Here’s why B.C. is so fond of the property transfer tax

A tax on changes to property title, which many in real estate argue to be antiquated and burdensome, has become a major windfall for the provincial government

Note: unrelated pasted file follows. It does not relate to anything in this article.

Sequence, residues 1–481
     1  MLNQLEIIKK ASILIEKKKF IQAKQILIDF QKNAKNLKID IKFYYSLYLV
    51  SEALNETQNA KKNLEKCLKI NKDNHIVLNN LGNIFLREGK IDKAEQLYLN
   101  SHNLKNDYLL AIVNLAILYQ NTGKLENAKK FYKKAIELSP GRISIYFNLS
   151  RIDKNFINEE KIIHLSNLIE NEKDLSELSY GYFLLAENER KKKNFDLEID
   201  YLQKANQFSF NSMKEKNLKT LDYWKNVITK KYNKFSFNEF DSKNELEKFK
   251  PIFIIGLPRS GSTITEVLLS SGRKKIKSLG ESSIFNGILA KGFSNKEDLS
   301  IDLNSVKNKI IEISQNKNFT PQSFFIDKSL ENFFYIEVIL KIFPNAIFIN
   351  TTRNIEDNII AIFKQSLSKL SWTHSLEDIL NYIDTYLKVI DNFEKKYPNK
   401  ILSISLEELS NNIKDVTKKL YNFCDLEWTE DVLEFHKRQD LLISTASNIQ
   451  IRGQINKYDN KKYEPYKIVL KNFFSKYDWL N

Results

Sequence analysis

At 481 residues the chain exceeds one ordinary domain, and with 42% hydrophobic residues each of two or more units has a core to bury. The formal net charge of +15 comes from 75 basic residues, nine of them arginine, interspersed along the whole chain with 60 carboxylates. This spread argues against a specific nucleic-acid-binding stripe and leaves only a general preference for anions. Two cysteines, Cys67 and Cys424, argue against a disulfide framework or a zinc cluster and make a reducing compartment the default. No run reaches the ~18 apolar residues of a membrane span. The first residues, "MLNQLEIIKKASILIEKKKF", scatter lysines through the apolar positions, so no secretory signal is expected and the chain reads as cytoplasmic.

When the B.C. government introduced the property transfer tax in the late ’80s—and started collecting a percentage on each home sold—it was a way to catch a little wind from the property boom. Almost 30 years on, groups like the B.C. Real Estate Association would like to see the tax axed, arguing that it contributes to housing unaffordability and that its rates are out of sync with today’s market. While Premier Christy Clark has mused about scrapping the tax eventually, her finance minister, Mike de Jong, has conversely suggested that increasing the tax could dampen speculative investments. And in the 2016 budget, that’s what the province did: buyers of homes priced $2 million or more (the Westside Vancouver average) will now have to pay 3 per cent to change the name on the title. You can read more about the changes here.